The injection of wet vapour into the superheated gas leaving the evaporator chills the walls of the pipe work to well below the temperature attained after mixing is complete. This phenomenon which is caused by the evaporating wet vapour being forced by the gas out into the tube walls (annular flow) increases the ability of the region immediately downstream of the injected point to pick up heat from the heat source. Therefore by injecting into the latter part of the evaporator itself, preferably downstream of the wet vapour to superheat transition point, changes in heat input to the evaporator are quickly detected by the bulb which is located at the downstream end of this zone. This is achieved as shown in FIG. 3 by joining the wet vapour by-pass line 20 with the evaporator 5 at a junction point 21 in the evaporator which is upstream from the downstream end of the evaporator but is ideally downstream from the transition point which may for example be located in the region 22. The flow rate through the by-pass line 20 is again controlled by a valve 23. As in the configuration shown in FIG. 2 the bulb 12 is effectively being used as a summing device. If the modification shown in FIG. 3 is used then the temperature detected by the bulb is the evaporator exit temperature plus a feedback component, plus a heat input component (from the portion of the evaporator between the junction point 21 and the bulb 12).
This modification also seeks to counteract the `inversed` signal which is received by the TX valve immediately after a rapid change in heat input. This effect is caused by the saturation temperature/pressure changing much faster than the temperature at the exit of the evaporator. Thus after, say, an increase in heat input, the saturation temperature/pressure (detected through the equaliser line 24) rises before the evaporator exit temperature (detected by the bulb) and the TX valve sees a fall in superheat. Initially, therefore, until the evaporator exit temperature also rises, the TX valve closes instead of opening. By making the evaporator exit temperature more responsive to heat input, the configuration shown in FIG. 3 can be seen as to oppose this effect and reduce it to a more acceptable level.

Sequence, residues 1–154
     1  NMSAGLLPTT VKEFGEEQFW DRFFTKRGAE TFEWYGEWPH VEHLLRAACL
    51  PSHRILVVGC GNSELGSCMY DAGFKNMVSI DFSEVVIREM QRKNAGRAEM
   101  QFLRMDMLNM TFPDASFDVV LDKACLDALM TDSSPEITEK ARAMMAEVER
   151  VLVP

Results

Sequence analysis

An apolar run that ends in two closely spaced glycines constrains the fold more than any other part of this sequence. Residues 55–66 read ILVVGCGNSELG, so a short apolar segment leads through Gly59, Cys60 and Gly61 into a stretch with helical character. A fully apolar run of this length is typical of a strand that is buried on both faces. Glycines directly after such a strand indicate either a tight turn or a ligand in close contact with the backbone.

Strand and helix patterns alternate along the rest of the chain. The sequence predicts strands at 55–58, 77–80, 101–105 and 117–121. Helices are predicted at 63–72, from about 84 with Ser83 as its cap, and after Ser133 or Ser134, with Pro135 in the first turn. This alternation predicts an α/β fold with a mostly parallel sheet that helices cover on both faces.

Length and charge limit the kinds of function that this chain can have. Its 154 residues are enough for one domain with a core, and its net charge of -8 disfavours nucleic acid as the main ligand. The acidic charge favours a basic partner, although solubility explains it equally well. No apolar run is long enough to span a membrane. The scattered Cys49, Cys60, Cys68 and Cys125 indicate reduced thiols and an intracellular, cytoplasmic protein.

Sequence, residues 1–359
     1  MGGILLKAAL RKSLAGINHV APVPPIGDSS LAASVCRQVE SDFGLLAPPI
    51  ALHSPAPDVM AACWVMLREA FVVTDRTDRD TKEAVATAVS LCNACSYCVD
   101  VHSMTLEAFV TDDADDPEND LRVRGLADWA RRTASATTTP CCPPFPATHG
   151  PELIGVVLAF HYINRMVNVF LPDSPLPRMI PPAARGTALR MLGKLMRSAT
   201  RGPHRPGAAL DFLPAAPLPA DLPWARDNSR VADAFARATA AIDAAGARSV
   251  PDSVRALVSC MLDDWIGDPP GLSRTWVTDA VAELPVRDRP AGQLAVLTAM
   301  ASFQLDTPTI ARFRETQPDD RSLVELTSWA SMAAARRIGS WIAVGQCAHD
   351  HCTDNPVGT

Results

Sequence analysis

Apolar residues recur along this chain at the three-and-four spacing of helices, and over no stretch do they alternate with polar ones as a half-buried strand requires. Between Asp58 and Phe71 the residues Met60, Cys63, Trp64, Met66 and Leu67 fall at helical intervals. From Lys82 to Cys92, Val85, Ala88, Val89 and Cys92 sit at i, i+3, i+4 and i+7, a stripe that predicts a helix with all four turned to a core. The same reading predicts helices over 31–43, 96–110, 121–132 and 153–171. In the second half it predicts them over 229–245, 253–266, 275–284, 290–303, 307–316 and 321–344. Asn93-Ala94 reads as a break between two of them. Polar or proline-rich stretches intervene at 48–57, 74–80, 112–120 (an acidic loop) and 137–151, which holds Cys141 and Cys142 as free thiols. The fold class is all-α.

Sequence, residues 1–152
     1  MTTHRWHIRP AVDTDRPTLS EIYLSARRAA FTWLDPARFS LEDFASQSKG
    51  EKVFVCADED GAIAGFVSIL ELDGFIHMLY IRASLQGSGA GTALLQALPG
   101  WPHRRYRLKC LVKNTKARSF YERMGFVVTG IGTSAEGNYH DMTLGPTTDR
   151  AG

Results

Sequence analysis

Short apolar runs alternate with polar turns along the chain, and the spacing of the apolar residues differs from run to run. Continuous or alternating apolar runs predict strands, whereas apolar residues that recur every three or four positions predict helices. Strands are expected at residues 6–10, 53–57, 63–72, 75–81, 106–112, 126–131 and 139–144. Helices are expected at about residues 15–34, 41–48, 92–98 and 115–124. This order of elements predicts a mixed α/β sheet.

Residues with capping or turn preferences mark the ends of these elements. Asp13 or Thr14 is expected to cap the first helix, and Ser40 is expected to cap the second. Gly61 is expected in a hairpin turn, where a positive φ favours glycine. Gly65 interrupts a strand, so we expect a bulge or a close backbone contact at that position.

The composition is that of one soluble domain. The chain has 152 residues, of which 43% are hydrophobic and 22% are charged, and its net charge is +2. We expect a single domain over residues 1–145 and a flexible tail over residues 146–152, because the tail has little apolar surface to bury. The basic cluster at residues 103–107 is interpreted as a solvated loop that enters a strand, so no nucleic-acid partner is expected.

Although the invention described with reference to FIGS. 2 and 3 has shown a separate wet vapour by-pass line (15 or 20) it is possible to achieve the same effect by using the equalizer line 24 to feed wet vapour at a rate which is a function of the flow rate through the TX valve, into the evaporator upstream from the sensing bulb 12. This configuration can be seen in FIG. 4 where the equalizer line 25 has been rerouted to enter the evaporator at a junction point 26 just upstream of the bulb 12 (rather than downstream from the bulb as shown in FIGS. 2 and 3). The TX valve 11 is provided with an external by-pass line 27 controlled by a flow rate valve 28 to by-pass wet vapour from a junction point 29 immediately downstream from the TX valve (shown for clarity in FIG. 4 as back through the chamber 30 in the valve) to the equalizer line 25 and thence to the junction point 26. In this manner the pressure equalizer line 25 can be used as the wet vapour injection line and so obviate the necessity to provide a separate line as shown in FIGS. 2 and 3. In a further embodiment of the invention the by-pass line 27 and valve 28 may be incorporated into the TX valve as shown in FIG. 5. In this configuration the outlet 31 from the TX valve is provided with an internal by-pass 32 controlled by needle valve 33 to the equalizer line outlet 34. The passage 32 is the equivalent of the external by-pass line 27 and the needle valve 33 the equivalent of the flow rate control valve 28 shown in FIG. 4.